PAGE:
Impact of particle shape on the morphology of noctilucent clouds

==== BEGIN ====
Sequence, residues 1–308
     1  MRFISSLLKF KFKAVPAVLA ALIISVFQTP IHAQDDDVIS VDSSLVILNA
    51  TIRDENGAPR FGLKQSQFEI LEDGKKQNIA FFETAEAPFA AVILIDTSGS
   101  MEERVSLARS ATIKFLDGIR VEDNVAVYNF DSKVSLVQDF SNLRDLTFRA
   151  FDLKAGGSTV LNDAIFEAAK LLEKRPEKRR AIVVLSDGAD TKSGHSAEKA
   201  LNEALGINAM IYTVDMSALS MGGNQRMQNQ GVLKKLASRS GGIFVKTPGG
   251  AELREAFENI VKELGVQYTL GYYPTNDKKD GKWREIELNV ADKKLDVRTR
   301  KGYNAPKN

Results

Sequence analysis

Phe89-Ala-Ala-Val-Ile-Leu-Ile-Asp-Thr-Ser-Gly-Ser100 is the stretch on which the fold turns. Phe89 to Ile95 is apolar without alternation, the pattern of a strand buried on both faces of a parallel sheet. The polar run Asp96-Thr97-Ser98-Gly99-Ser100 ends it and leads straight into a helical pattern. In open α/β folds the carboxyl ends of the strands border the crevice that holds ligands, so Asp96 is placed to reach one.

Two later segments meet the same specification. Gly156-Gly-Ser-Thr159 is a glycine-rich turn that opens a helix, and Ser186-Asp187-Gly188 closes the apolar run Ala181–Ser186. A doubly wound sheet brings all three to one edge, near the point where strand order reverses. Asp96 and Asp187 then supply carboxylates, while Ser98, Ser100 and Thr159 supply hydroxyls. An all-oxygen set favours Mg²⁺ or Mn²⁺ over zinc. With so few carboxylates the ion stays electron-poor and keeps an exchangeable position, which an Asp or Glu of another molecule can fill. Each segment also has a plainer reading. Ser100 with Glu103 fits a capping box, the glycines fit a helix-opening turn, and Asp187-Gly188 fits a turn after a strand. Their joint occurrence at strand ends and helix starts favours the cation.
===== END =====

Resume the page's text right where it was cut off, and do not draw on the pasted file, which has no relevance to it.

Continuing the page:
Abstract. Noctilucent clouds (NLCs) occur during summer in the polar region at altitudes around 83 km. They consist of ice particles with a typical size around 50 nm. The shape of NLC particles is less well known but is important both for interpreting optical measurements and modeling ice cloud characteristics. In this paper, NLC modeling of microphysics and optics is adapted to use cylindrical instead of spherical particle shape. The optical properties of the resulting ice clouds are compared directly to NLC three-color measurements by the Arctic Lidar Observatory for Middle Atmosphere Research (ALOMAR) Rayleigh/Mie/Raman (RMR) lidar between 1998 and 2014. Shape distributions including both needle- and disc-shaped particles are consistent with lidar measurements. The best agreement occurs if disc shapes are 60 % more common than needles, with a mean axis ratio of 2.8. Cylindrical particles cause stronger ice clouds on average than spherical shapes with an increase of backscatter at 532 nm by ≈ 30 % and about 20 % in ice mass density. This difference is less pronounced for bright than for weak ice clouds. Cylindrical shapes also cause NLCs to have larger but a smaller number of ice particles than for spherical shapes.